St Mary’s Gateshead buys Lake Macquarie Council land it has maintained since the 1980s for $150,000



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Lake Macquarie mayor Kay Fraser.A Gateshead school has agreed to spend $150,000 to buya parcel of Lake Macquarie Council land it has maintained since the 1980s, after the council said it discovered the school was using the site.
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The Catholic Diocese of Maitland-Newcastle will buy about 1600 square metres of land that the council says St Mary’s High School has been using as part of its sporting fields. While the diocese says the triangular shape of the land meant it was unsuitable for sports, a spokesman saidthe fact that it bordered the school“might create the impression that it is part of the field”.

A council report released this week called for councillors to go ahead with the sale.

The land, wedged between Kennedy Creek and the school grounds, was dedicated to council in 1966 as a public reserve bythe Department of Housing.

“It came to council’s attention that part of council’s land …was being utilised by St Mary’s High School, Gateshead as part of their sporting field,” the council report noted.

Lake Macquarie mayor Kay Fraser said council found the school was using the block as a result of rezoning a piece of the diocese’s adjoining land at Birkwood Close in 2013. She said selling the land was council’s preferred option because its location between adrainage channeland the school made it inaccessible.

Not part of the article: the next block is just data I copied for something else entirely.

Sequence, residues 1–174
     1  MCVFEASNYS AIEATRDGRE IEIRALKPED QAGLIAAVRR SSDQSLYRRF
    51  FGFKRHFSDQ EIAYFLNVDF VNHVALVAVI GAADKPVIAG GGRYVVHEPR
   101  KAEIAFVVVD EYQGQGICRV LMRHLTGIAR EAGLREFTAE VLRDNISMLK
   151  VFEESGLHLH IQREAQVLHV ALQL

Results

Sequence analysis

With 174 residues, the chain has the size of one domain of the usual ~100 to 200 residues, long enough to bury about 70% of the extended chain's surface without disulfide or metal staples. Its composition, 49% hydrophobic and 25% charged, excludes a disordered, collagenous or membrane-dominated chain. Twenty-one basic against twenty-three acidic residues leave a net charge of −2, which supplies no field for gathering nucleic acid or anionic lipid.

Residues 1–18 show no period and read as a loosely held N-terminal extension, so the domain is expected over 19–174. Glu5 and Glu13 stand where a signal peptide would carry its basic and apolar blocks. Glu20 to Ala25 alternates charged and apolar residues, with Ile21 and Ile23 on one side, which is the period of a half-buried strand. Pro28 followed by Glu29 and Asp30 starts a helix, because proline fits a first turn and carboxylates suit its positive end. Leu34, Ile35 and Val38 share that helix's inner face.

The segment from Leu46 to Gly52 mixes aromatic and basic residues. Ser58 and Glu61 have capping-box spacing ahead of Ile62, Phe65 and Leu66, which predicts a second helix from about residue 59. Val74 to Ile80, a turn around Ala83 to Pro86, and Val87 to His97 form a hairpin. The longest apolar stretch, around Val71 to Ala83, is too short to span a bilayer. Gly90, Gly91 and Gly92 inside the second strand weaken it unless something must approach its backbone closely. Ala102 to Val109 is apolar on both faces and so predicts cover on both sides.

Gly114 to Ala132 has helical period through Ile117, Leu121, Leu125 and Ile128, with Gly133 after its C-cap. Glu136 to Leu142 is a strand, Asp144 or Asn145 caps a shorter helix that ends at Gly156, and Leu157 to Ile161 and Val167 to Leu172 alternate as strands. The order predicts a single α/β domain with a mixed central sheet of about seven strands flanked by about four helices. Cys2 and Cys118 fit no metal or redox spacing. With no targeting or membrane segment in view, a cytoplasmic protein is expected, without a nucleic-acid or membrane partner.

“The parcel of land has been reclassified to allow a sale to occur and the parties have agreed on a price,” Cr Fraser said.

“A report recommending the sale was endorsed by the Corporate Services Committee [on Monday]and will be considered at the Ordinary Council meeting on October 23. Following that meeting, council will provide contracts to the church to finalise the sale.”

The diocese spokesman told the Heraldthat the school had mowed, clearedand maintained the block of land since the 1980s to keep the area free of snakes and safe for students.

“There is also a Landcare partnership between the school and the Lake Macquarie Council which has been in place since around 2006,” he said. “As part of this Landcare partnership, the school has planted hundreds of trees and native shrubson this block of land and – together with council – continued to maintain this block of land.”

The diocesan spokesman said the sale would allow the school to run a stormwater drain through to Kennedy Creek.